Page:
If you follow the trail to the source of the article, you will find that the researcher's aims in the study were to demonstrate exactly what you are so passionately arguing... "abnormal eating behavior is indeed due in part to disordered cognition." (See Cognition happens in the brain. It is by its nature a neurological process, hence the article's publication in the Journal of Neuropsychology. Cognition = Thought

    The word "failings" is riddled with negative connotations. However, I think the author was merely trying to convey the researcher's message (that individuals with EDs suffer from severe cognitive impairments as a result of their low BMIS) using less jargon. In reality, the findings are not at all surprising. Of course eating disorders individuals suffer "cognitive failings" when they are at extremely low weights! We all know that in the height of our eating disorders our decision-making skills are reduced, we have trouble concentrating, and cognitive tasks that should be easy become nearly impossible. This shouldn't be headline news.

    I think it's important to take these reports with a grain of salt. It's a tough job to dumb down the language of scientific articles to an extent that your average reader will both understand and be interested in the research described. Maybe it was a bad choice of words, but give the journalist a break. They didn't actually report anything that was blatantly false or inaccurate.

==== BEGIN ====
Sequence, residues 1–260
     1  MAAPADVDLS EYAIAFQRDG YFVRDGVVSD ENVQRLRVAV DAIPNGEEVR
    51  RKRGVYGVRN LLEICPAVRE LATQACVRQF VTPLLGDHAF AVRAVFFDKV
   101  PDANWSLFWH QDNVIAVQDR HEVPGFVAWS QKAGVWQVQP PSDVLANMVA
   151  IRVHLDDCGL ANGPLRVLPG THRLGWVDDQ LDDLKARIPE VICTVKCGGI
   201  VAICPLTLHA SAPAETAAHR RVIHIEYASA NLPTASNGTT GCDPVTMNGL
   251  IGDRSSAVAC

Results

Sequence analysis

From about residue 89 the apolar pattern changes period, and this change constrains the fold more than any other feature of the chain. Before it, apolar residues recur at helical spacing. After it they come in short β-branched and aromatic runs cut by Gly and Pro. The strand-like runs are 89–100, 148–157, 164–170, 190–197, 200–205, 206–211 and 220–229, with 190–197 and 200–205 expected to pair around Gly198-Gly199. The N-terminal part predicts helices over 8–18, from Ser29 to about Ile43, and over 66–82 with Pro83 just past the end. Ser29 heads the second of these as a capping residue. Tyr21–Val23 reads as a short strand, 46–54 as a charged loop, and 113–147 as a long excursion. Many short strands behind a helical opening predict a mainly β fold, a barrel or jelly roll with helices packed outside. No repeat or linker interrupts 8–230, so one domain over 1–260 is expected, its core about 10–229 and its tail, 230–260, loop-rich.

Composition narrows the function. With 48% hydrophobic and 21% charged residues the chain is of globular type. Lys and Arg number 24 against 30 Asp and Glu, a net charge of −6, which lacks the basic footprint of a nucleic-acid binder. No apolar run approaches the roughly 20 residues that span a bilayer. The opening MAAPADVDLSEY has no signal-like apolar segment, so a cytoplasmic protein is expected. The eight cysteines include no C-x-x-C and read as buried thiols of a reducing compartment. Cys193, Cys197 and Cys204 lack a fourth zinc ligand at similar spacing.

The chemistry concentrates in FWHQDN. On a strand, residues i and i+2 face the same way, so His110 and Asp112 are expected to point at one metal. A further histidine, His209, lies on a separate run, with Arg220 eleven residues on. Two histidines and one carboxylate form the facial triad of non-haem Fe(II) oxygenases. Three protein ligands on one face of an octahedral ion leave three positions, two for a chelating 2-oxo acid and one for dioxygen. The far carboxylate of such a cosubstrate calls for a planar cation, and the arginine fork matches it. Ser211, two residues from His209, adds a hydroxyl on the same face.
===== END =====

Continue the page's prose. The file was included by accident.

4. I think you are overreacting a bit. All this article says is that people with active EDs have some problems with information processing...that malnourished brains don't work well. I actually don't think you would argue with that. It is also pointing out that identifying a specific cognitive processing deficit (perhaps a better term) is key to fixing a disorder. No-one treats dyslexia merely through newspapers. One has to address the root of the processing problem that makes it hard to read- just as one has to address the root of the processing problem that makes it hard to understand how grotesque one looks at a BMI of's the same with anorexia.